London

London

London

Arriving at Gatwick I found a porter who whisked me onto the Airport Express train to Victoria Station – somehow missing the customs melee. “There’s no-one there – no problem!” (You could tell this was pre-9/11.) On the train into London, I spied a fox slinking into the underbrush, its bushy red tail waving in the breeze.

Once in London, I grabbed a taxi to the Covent Garden Hotel. I was meeting Lee here later – and the suite wasn’t going to be ready for hours – so I settled in the library sitting room to read and drink a cup of tea with real cream (three pounds!) The hotel is a former French hospital which had become a delightful four-story retreat, small and intimate, and splashed with chintz. The library offered deep sofas and chairs, The London Times and Observer, and London Vogue.

Lee arrived at 10AM, and off we went to see London. We sat atop a sightseeing bus in the open air – bloody cold! Disembarking constantly, we rambled around Sloane Square and down St. James Street, around Leicester Square and Covent Garden, where we looked for -and found – 84 Charing Cross Road and the site of that lovely old bookstore. If you haven’t read the book by Helene Hanff, do so…it is terrific (and the follow-up, The Duchess of Bloomsbury Street, while you’re at it.)

Back at the hotel, our suite was ready. Padded yellow rose chintz coats the windows, bed and loveseat. Beautiful more-than-full-size feather beds sat high, high up, with immense feather pillows. An equally immense bathroom held a deep soaking tub with a separate shower.

That night, we moseyed once again around Covent Garden and Leicester Square, where the crowds were really overpowering –  there was hardly room to move. After a light dinner, it was back to the hotel to prepare to take off early in the morning.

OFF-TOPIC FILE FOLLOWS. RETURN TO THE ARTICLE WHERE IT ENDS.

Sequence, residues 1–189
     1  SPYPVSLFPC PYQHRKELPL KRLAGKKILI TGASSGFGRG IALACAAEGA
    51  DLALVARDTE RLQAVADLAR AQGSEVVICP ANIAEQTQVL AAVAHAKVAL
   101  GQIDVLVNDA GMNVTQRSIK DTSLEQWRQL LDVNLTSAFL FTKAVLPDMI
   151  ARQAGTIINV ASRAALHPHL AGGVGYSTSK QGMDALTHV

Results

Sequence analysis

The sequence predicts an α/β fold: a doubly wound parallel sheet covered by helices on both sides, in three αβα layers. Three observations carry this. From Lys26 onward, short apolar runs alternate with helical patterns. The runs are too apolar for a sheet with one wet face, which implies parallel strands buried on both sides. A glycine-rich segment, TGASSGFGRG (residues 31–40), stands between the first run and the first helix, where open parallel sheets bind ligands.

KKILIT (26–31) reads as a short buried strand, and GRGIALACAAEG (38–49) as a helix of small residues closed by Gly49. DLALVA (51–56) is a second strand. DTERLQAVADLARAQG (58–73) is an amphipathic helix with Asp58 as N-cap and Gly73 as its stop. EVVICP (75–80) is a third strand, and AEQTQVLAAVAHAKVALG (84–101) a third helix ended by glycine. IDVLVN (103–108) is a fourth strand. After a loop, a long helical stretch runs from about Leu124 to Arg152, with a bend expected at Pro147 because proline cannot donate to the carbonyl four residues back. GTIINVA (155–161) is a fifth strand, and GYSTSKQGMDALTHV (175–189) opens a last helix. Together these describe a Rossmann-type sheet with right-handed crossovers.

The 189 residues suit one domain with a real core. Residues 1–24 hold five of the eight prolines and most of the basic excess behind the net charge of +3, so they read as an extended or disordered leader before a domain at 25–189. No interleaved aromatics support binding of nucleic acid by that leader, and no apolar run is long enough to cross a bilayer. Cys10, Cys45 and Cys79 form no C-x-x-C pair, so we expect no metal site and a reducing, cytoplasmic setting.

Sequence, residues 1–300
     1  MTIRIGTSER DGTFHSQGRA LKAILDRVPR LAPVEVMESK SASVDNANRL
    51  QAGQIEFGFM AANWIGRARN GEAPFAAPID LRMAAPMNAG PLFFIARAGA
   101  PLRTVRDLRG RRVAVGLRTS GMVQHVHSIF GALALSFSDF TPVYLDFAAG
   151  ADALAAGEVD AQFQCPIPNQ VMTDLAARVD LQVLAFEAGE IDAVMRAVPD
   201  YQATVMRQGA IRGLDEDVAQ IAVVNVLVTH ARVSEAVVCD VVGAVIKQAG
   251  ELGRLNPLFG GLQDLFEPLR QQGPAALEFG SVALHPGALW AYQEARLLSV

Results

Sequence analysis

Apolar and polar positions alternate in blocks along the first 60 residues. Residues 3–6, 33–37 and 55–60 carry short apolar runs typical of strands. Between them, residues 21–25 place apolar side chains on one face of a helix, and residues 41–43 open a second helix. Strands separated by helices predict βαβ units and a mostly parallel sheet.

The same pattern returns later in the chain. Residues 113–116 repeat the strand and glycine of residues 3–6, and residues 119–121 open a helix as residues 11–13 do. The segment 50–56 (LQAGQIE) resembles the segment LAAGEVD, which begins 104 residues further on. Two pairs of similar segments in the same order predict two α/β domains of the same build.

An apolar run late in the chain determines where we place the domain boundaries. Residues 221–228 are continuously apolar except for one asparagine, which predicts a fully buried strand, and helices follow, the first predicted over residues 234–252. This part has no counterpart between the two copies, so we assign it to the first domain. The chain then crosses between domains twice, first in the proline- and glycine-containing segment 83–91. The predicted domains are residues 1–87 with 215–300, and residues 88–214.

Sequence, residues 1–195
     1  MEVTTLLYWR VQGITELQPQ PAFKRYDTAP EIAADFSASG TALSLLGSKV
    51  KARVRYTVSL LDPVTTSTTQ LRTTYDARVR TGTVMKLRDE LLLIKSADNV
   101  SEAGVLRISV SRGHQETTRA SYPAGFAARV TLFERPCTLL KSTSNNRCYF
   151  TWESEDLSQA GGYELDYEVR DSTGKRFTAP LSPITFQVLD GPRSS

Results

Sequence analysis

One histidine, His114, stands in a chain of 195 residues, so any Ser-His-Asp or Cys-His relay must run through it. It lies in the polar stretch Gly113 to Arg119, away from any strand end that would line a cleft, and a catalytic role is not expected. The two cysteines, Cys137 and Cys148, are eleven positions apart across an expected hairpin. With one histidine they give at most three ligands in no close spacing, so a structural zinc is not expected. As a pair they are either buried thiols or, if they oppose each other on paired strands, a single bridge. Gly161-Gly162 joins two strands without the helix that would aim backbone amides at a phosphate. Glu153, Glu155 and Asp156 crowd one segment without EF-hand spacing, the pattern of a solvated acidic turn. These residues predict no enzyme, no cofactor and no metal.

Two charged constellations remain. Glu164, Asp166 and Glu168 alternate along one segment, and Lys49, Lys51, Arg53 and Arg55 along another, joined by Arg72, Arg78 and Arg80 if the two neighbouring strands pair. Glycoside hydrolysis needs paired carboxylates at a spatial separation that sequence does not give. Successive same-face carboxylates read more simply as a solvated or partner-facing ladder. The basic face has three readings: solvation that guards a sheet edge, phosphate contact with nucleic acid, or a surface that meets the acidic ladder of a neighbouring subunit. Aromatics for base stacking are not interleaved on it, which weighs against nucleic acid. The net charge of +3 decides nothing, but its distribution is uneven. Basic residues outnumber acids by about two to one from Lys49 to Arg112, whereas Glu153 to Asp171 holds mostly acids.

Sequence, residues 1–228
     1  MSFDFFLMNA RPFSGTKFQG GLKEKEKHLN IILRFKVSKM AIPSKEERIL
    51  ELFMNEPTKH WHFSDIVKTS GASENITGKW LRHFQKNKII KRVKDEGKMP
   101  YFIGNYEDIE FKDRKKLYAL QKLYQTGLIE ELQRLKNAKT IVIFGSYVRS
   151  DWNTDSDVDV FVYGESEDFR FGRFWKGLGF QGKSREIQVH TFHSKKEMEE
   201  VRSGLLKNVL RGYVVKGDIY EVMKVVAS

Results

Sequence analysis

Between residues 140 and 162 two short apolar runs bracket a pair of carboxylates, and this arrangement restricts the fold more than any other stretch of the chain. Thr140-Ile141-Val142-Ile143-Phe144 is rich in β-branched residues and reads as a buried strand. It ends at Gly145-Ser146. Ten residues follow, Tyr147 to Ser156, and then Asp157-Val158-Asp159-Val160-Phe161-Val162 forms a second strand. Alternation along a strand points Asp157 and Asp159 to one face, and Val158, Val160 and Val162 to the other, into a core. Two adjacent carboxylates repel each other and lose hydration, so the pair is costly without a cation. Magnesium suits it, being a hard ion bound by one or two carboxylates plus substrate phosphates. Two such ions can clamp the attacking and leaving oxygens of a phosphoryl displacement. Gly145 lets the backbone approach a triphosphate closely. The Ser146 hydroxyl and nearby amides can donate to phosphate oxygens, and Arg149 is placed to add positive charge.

The weather this first day was just great – although cold, the sun was shining and the sky blue. A great omen.

Broad Chalke, Wiltshire

Chalk figures carved into Wiltshire hillsides

Chalk figures carved into Wiltshire hillsides

Surprise: we overslept! We had barely enough time for breakfast before our car was delivered. At 9:45 AM, a sharp-looking little red Rover rolled up to the front door. As designated driver, I immediately smashed the left hand rearview mirror while trying to negotiate the narrow one-way streets of London.

We managed to get out of London – but it was an absolutely wild trip, as I had never driven a “left-handed car” and kept driving into the curb. And the roundabouts! It took me days to get used to them. Finally, we got out of London, stopping in the tiny town of Weybridge for coffee and a look through a bookshop; then on to our first bed and breakfast – Stoke Farm in Broad Chalke.

The roads leading to Broad Chalke are through Wiltshire. The deeper in-country we drove, the more ye olde England it became. The deep hedgerows, the farmlands, the woods –the England of legend. The sun shone intermittently; parts of the day were overcast – but by afternoon, it was hot.